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An Integrated Computational Model of Multiparty Electoral Competition
Statistical Science (2002)
  • Kevin M. Quinn, Berkeley Law
  • Andrew D. Martin, Washington University in St Louis

Most theoretic models of multiparty electoral competition make the assumption that party leaders are motivated to maximize their vote share or seat share. In plurality-rule systems this is a sensible assumption. However, in proportional representation systems, this assumption is questionable since the ability to make public policy is not strictly increasing in vote shares or seat shares. We present a theoretic model in which party leaders choose electoral declarations with an eye toward the expected policy outcome of the coalition bargaining game induced by the party declarations and the parties’ beliefs about citizens’ voting behavior. To test this model, we turn to data from the 1989 Dutch parliamentary election. We use Markov chain Monte Carlo methods to estimate the parties’ beliefs about mass voting behavior and to average over measurement uncertainty and missing data. Due to the complexity of the parties’ objective functions and the uncertainty in objective function estimates, equilibria are found numerically. Unlike previous models of multiparty electoral competition, the equilibrium results are consistent with the empirical declarations of the four major Dutch parties.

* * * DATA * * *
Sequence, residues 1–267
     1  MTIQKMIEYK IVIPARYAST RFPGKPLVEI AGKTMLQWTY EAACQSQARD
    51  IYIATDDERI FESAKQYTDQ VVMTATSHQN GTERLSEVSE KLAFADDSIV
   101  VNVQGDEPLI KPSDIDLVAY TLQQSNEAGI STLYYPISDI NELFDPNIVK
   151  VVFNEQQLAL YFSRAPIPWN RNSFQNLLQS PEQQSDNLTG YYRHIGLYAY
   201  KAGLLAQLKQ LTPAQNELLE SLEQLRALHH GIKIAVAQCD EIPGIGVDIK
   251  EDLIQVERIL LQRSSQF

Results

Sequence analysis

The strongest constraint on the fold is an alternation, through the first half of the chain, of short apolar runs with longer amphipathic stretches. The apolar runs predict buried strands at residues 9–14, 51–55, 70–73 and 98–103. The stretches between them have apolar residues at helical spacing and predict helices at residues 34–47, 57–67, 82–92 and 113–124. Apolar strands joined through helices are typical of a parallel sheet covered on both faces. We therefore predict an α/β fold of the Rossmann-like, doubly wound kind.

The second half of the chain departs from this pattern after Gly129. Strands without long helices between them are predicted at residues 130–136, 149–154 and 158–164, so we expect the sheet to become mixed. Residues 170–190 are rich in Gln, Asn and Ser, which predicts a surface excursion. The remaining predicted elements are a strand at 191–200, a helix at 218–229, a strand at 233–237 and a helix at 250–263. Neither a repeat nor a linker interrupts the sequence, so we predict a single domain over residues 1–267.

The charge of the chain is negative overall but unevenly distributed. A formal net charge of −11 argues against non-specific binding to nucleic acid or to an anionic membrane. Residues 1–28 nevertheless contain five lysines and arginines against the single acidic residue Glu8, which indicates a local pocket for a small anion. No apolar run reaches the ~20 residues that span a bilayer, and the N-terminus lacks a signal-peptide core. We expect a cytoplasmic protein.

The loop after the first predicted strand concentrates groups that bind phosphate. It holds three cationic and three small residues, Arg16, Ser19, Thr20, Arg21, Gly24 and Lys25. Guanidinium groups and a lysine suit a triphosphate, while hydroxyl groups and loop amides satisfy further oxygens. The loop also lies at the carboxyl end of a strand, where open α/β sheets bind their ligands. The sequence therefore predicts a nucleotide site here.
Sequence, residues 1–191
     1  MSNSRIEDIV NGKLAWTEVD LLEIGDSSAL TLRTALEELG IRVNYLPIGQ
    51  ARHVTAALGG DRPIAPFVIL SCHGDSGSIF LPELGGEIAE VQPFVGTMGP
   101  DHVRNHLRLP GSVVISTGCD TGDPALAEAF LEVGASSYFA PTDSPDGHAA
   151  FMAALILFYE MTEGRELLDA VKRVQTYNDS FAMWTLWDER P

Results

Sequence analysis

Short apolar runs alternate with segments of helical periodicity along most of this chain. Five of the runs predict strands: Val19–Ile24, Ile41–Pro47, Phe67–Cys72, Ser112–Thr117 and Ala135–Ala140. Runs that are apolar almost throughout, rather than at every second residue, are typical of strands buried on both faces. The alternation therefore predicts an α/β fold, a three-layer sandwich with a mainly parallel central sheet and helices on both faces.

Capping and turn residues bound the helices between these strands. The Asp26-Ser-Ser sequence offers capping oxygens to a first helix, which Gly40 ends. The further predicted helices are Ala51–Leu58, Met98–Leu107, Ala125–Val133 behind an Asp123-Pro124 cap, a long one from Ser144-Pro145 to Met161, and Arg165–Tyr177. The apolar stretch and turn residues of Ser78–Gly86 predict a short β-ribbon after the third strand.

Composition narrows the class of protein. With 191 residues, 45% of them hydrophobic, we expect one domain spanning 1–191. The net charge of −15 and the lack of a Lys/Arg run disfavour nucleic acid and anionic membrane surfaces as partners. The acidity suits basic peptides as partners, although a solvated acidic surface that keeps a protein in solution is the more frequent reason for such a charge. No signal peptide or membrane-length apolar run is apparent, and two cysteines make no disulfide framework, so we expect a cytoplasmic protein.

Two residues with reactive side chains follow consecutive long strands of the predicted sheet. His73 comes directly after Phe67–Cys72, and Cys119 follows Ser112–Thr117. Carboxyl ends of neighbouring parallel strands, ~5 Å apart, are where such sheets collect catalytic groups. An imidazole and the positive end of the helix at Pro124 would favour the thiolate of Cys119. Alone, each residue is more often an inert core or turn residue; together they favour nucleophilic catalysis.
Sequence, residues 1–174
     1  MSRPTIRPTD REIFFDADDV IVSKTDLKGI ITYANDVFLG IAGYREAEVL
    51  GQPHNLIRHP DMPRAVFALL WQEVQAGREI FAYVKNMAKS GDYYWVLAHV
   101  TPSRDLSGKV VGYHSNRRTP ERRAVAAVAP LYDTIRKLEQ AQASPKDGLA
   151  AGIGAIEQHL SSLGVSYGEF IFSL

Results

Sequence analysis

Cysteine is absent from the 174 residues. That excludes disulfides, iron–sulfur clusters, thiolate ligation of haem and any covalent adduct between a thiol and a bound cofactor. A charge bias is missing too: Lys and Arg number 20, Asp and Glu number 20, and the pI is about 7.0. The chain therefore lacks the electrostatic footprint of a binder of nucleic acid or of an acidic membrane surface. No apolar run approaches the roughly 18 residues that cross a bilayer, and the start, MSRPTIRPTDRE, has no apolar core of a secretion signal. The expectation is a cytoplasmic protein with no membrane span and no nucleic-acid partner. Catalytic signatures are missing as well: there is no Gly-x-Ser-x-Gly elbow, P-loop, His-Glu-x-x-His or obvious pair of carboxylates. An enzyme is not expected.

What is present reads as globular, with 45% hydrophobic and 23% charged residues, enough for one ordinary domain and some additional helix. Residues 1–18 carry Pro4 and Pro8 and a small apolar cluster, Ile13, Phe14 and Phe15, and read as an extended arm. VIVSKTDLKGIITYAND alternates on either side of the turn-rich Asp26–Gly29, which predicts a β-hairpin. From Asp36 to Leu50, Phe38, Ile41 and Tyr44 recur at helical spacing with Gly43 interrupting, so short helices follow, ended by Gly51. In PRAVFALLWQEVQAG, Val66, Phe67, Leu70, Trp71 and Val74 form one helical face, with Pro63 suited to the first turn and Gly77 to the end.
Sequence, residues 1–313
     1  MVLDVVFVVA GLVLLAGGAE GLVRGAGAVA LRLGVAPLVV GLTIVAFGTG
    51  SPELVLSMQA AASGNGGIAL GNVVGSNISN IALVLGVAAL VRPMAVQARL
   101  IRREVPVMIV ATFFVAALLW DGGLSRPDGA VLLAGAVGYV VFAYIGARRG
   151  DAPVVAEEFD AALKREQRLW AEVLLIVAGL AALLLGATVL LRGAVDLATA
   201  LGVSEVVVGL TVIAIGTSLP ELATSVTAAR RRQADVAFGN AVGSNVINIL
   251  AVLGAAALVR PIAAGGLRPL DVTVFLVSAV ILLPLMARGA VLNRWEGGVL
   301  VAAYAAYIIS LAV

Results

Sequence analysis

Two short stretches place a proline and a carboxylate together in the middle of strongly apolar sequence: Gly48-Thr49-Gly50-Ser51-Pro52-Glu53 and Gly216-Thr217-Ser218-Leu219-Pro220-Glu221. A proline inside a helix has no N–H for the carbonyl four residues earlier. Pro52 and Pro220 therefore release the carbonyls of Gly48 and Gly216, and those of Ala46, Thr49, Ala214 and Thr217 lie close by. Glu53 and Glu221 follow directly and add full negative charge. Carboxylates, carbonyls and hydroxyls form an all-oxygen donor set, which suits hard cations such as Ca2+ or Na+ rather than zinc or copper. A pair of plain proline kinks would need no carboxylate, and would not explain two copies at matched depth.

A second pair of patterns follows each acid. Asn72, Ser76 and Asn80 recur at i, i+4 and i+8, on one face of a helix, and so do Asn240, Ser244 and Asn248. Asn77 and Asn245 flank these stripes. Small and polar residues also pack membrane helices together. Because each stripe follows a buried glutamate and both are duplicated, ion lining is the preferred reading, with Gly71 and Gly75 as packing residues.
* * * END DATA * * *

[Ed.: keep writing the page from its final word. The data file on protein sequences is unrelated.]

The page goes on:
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Citation Information
Kevin M. Quinn and Andrew D. Martin. "An Integrated Computational Model of Multiparty Electoral Competition" Statistical Science Vol. 17 Iss. 4 (2002)
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